I have been reading, listening and absorbing a lot about big data since the last 3-4 years. And, I came to realize that there are many marketers/business managers/analysts who still find the concept of ‘Big Data’ a little chaotic. In this write up I have tried to simplify this concept by a few examples which would help one understand the logic and the utility of big data.
So, what exactly is big data?
A lot of us work around with data and try to find solution/conclusion/insight/inferences. Most of us would have a defined way of analysing data – query and reporting, data mining, data visualization, predictive modelling, optimization and more. Some of us would be using analytical intelligence along with tools such as SAS.
Well, that is a thing of past now. The way in which we get or we are feeded by data has changed dramatically over years. Data today is collected from so many touch points – online, offline, POS, consumer usage points and many more; in so many forms – structured, unstructured, text, audio, visual etc; in wide variety and rapidly changing velocity – data today is very dynamic – it changes every second. Just imagine a simple click on a web page is enriched and indexed using so many data points – url, location, preferred date, time, social interactions, cookie data, keywords used, meta tags, title, income, age etc. All this has resulted in huge data – both structured and unstructured – with great variety/complexity, volume and velocity. In order to keep pace with this rapid change we need to be smart and adept enough to use these large streams of data. This large data (petabytes or exabytes or even larger) along with the advanced analytical tools together form the concept of big data which is meant to revolutionize businesses and critical decision making for the human race.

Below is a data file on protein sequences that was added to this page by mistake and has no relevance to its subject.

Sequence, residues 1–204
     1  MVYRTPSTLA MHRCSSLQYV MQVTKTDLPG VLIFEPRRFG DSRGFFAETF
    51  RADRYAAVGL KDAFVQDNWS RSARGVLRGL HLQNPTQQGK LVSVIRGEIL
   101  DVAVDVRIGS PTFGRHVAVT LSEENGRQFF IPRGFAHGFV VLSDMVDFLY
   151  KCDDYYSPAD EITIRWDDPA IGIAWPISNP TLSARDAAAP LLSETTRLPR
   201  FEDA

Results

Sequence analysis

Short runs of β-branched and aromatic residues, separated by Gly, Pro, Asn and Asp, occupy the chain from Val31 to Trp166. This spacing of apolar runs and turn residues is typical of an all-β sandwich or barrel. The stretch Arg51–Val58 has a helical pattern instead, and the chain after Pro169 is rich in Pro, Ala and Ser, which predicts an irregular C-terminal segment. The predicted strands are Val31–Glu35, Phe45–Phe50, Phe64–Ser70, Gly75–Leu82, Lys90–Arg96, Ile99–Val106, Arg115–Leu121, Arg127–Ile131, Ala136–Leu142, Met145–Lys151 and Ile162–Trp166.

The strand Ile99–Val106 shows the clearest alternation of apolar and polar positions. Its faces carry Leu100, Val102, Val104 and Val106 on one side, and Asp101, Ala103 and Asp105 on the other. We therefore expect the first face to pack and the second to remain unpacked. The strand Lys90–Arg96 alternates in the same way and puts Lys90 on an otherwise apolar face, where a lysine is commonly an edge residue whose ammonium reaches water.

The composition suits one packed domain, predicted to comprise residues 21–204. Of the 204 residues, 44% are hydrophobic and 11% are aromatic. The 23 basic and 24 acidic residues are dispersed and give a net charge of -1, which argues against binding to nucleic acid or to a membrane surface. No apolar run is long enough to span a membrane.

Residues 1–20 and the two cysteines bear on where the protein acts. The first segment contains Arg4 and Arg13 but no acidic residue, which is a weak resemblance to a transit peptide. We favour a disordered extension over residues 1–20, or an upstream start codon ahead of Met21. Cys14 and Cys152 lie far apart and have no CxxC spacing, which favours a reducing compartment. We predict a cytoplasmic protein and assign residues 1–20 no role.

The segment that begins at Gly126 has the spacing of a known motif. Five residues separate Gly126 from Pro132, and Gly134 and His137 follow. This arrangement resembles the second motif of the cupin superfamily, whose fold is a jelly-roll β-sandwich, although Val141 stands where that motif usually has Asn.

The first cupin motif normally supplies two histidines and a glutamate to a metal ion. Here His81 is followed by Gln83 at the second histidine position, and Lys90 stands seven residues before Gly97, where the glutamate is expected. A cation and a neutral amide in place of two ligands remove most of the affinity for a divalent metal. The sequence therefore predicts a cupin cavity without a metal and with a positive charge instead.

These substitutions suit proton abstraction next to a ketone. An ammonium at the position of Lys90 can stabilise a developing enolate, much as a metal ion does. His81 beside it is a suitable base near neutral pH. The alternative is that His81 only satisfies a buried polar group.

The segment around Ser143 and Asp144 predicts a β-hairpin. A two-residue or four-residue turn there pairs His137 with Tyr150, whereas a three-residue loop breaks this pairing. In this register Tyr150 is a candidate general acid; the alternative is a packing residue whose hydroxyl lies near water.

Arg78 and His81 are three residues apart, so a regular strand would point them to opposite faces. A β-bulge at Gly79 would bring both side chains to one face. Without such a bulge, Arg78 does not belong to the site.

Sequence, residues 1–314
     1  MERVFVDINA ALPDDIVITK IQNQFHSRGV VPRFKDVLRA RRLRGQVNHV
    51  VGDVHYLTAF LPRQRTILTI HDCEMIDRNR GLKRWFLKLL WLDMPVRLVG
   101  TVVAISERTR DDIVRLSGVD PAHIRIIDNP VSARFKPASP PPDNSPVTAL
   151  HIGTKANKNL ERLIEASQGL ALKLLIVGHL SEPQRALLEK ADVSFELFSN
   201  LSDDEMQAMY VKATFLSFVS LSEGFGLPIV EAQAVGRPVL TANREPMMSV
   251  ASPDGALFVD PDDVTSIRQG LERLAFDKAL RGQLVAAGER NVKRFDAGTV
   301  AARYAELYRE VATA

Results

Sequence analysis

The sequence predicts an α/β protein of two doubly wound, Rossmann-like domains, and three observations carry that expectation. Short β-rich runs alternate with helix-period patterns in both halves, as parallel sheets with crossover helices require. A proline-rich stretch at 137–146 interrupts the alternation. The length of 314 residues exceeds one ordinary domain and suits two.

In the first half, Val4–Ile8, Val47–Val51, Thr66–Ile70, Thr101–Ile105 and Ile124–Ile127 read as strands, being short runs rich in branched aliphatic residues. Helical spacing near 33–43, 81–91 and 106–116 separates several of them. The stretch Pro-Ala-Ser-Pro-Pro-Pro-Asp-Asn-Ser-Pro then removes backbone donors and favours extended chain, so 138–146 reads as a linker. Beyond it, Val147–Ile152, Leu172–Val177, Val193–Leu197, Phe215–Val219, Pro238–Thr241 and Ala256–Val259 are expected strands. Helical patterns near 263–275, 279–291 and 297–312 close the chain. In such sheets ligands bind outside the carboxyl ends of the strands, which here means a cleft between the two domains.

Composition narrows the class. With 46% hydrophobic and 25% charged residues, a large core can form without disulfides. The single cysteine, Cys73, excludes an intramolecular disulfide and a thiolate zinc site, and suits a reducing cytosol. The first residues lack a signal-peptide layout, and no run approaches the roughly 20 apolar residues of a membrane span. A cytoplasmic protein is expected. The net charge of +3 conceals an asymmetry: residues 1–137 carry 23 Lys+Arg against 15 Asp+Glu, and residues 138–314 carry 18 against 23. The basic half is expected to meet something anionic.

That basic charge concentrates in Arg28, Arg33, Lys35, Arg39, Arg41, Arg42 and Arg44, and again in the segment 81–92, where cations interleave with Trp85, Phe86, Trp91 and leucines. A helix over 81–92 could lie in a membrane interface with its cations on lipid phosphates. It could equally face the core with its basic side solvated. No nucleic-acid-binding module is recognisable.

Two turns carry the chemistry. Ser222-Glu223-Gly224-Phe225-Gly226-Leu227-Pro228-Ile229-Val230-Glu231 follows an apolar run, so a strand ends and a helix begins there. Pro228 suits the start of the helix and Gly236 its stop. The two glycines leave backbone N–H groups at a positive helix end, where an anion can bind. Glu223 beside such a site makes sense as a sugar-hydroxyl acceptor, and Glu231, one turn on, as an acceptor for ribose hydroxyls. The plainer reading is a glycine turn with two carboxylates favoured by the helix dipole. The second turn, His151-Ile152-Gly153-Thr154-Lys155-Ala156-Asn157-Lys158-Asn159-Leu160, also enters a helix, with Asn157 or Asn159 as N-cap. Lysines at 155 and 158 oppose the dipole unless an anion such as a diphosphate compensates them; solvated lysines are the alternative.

Suppose the refrigerator that we use in our homes was enabled to send us signals/data on when to increase/decrease the temperature of various sections in the refrigerator, when to give it a service, when it is overloaded, what power it is consuming etc., it would increase the output by such a great extent. Now, also imagine if the same data from across all users of this brand’s refrigerator goes to the manufacturer. The manufacturer will come to know about various needs of families of various sizes, usage patterns and more – all this would help the manufacturer to improve the product and this would in the end improve the end users life.
Another example could be of the car that we use. A car produces vast amounts of data while being driven and when it is parked. While in motion, the driver is constantly updated with information about the vehicle’s acceleration, braking, battery charge and location. This is useful for the driver, but the data can also be streamed back to car engineers who learn about customers’ driving habits including how, when and in what pattern they use their cars. And while the vehicle is at rest, it continues to stream data about the car’s tire pressure and battery system to the nearest smart phone. Imagine how this feedback can help improve the next version of the car.
Obviously this large data would be structured and unstructured and would require analytic intelligence and tools to get some really good and useful business insights.
The below image actually simplifies what big data can do – Provide actionable knowledge and insight.